Is your dog overweight

Is your dog overweight? Many of us don’t really know when our dogs are too heavy. Since we see them daily, we don’t notice their shape changing.

Veterinary nutritionists estimate that 25 to 40 percent of U.S. dogs are too fat. Weighing 20 percent more than their ideal body weight puts them in this category. An overweight pet is likely to have additional health challenges. Just a few of these include diabetes, Cushing’s disease, arthritis, high blood pressure and breathing difficulty. Also, spinal problems.

So how do you know if your dog is too fat? There are a few things you can do. Take a look at your dog standing over him. If you see an hourglass shape, then he’s okay. However, if you see his sides pooching out, then you’ll know your dog needs to lose some weight. You can also feel your dog’s ribs. If you can feel them easily under a thin layer of fat, then you’re okay. If not, then changes need to be made.

It’s recommended you take your dog to the vet before changing their diet, just to be sure you don’t exclude nutrients they may need. Certainly, table scraps and high calorie treats have to go. Spending more time playing and providing exercise for your pet will help. Changing high calorie treats for more healthy snacks isn’t hard to do. Some good choices include carrots, apples, green beans, cottage cheese and broccoli. And yes, your dog will eat them.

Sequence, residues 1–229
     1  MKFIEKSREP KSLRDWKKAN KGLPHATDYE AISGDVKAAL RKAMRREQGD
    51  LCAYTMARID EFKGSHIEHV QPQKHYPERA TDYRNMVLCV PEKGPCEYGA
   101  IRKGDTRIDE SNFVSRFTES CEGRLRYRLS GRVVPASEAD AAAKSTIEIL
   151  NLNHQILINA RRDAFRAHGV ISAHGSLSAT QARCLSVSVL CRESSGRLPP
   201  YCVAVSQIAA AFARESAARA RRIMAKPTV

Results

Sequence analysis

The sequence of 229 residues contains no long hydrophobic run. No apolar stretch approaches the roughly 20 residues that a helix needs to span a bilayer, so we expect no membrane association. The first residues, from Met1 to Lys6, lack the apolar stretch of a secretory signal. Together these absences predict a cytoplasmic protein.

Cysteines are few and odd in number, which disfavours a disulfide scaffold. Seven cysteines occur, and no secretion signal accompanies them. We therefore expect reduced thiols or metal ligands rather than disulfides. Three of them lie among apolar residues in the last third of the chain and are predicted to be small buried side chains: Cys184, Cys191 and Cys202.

Just like humans, dogs have a more difficult time shedding pounds as adults. The weight loss will be gradual if done properly. The best thing to do is to be conscious of your dog’s food intake as a puppy. I know it’s hard to resist those puppy dog eyes, but it’s the best long term thing you can do for your furry friend. Experts say you should feed a puppy only puppy food, four times a day for three months. Then cut it back to three times a day for the next three months, and then once or twice a day up to one year of age. That’s when you should switch to adult dog food, and always be aware of his weight.

Dogs who are at a healthy weight are happier and more active. It’s no different than we humans. Sometimes we just don’t pay attention or don’t realize how what we feed out pets impacts them, and the length of their lives.